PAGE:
NORTH LAS VEGAS (KSNV MyNews3) -- A North Las Vegas park eight years in the making is expected to open to the public this summer, but it comes with controversy.
The city is operating under a fiscal emergency, with a very tight balanced budget.
Some critics say a cash-strapped town needs to be more responsible on how it plans to maintain new and existing parks.
The city has explored different options on how to come up with the costs to maintain the new park, which is expected to draw about 2,000 people a day.
Admission fees are off the table, but what may help fund a portion of it, could be some of the special attractions at the park.
Craig Ranch Regional Park is 80 percent complete with Phase 2 of constructing a 170-acre mega park, which will feature the biggest skate park in the state, community gardens and an adventure playground.
While construction costs have been covered by federal money, much of the debate comes from how to fund day-to-day operations.
Ken Kraft with the North Las Vegas Park and Recreation Advisory Board says the cost to maintain the park is $2.2 million in its first full year of operation. The problem, he says, is how the city can afford to keep this park open.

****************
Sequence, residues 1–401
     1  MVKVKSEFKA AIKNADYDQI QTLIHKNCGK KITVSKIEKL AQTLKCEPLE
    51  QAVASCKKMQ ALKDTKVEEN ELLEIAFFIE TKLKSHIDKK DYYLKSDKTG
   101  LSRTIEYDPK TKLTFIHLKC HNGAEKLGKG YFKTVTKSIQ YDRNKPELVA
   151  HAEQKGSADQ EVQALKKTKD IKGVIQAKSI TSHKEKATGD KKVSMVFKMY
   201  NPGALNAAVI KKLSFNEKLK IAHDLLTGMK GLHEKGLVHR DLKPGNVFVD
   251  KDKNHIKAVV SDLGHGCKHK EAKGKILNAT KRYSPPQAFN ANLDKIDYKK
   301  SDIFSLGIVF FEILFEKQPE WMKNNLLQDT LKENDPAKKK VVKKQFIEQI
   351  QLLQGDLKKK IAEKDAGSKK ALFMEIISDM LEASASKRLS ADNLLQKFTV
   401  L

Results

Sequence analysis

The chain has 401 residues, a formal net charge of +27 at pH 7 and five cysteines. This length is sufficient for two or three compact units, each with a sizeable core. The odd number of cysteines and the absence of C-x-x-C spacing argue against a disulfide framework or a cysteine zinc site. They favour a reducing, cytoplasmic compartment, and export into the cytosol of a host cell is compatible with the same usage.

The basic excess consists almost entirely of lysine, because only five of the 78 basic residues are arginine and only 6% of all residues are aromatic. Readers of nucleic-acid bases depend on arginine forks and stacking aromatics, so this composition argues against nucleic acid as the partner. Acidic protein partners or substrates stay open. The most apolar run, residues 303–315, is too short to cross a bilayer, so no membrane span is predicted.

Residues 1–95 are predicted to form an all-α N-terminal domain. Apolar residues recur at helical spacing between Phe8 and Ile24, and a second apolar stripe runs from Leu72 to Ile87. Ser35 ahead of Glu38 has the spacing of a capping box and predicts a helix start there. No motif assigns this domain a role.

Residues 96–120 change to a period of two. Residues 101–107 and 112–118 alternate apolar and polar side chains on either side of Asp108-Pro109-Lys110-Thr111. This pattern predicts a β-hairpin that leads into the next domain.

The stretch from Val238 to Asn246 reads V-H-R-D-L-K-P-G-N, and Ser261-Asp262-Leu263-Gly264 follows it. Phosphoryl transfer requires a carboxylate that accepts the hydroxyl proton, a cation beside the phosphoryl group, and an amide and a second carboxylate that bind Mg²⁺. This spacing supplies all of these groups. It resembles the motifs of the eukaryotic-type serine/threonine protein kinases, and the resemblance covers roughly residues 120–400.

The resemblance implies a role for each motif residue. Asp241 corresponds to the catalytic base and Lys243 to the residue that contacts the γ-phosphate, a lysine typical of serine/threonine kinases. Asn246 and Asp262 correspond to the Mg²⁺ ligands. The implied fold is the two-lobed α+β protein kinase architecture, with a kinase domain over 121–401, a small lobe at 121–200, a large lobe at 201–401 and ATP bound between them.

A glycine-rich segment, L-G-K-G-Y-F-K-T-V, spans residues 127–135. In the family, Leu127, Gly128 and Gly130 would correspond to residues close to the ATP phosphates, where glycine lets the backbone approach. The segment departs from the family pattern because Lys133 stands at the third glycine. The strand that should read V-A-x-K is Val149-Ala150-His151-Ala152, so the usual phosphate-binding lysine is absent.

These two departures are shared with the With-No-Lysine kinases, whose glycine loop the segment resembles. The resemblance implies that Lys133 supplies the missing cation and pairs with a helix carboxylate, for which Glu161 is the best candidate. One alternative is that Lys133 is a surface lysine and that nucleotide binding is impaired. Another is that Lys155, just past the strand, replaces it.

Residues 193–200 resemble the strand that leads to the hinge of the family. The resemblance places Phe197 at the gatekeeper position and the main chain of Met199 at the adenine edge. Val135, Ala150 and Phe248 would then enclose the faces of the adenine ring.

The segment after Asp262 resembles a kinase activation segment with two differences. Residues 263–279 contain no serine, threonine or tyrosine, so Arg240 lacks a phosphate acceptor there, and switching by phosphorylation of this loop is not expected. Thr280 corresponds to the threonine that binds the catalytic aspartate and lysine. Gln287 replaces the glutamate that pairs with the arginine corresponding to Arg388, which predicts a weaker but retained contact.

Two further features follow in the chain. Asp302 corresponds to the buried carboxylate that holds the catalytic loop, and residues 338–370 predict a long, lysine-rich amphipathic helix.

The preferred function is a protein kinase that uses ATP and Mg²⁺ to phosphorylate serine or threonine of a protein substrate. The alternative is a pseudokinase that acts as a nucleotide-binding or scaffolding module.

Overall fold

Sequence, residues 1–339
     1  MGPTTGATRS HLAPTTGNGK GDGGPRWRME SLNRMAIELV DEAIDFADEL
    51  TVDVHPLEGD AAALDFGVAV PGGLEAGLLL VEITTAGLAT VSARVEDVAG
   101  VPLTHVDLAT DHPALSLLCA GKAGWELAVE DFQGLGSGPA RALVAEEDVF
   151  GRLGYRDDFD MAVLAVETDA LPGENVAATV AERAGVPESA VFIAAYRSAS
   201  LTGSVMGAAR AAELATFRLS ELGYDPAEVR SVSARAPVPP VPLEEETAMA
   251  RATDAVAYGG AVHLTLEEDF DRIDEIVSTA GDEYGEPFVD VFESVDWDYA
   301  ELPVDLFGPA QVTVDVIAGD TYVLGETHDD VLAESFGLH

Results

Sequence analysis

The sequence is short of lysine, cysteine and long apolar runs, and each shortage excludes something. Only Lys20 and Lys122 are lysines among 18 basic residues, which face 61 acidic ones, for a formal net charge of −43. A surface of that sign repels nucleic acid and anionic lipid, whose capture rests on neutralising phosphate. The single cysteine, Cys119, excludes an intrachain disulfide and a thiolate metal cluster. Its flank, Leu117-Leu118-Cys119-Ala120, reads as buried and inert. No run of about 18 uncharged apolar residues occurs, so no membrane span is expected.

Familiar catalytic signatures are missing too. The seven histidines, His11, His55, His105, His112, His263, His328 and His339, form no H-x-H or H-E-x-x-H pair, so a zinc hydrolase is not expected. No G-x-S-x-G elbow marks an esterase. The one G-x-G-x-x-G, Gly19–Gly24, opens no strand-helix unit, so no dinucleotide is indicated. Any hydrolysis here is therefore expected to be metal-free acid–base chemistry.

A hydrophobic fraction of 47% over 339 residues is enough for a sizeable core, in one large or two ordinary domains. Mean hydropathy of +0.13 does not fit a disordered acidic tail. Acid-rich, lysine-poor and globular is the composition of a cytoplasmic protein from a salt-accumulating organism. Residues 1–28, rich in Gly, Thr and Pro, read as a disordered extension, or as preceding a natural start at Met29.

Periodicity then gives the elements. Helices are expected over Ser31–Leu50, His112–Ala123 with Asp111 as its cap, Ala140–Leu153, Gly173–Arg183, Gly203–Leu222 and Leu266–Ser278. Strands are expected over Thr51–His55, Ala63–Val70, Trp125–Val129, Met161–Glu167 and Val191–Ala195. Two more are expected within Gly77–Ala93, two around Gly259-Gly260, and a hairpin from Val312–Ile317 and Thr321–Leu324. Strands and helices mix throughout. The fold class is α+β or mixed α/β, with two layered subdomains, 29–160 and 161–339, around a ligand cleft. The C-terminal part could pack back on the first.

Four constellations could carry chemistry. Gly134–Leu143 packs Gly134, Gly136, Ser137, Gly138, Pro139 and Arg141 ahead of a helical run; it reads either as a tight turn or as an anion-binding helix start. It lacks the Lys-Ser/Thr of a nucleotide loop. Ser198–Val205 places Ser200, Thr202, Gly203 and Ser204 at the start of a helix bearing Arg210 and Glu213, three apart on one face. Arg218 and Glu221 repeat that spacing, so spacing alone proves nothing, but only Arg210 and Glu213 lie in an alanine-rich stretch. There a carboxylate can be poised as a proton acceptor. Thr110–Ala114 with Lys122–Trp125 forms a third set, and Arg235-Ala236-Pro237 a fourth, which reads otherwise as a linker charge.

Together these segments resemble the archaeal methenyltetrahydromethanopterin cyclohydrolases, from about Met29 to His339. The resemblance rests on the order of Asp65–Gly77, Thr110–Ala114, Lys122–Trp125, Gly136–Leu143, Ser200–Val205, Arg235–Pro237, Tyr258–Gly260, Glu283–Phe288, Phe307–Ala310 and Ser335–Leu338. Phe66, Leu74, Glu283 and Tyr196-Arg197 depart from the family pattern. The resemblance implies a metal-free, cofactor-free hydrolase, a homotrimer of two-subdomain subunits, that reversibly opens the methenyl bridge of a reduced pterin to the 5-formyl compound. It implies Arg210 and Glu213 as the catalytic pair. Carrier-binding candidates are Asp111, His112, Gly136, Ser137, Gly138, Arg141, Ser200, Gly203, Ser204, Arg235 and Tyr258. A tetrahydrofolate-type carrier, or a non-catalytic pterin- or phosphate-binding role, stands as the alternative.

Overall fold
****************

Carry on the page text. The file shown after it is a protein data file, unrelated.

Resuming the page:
That topic heated up Tuesday's North Las Vegas Parks and Recreation Advisory Board meeting.
Parks and Recreation Deputy Director Mike Henley says 40 percent of the costs to operate the park will come from usage fees including the skate park, renting out picnic shelters and hosting big events.
The rest of the 60 percent of costs likely will come from the general fund.
Kraft is concerned that the new park will take away funding from existing ones.
But Henley says there will be no impact, adding Craig Ranch Park's budget is separate from existing ones. Now it's up to the City Council to decide how much of the general fund will support the park.
The City Council will take a look at the business plan at its next meeting in April.
Henley says despite what the council decides, the park will open Labor Day weekend.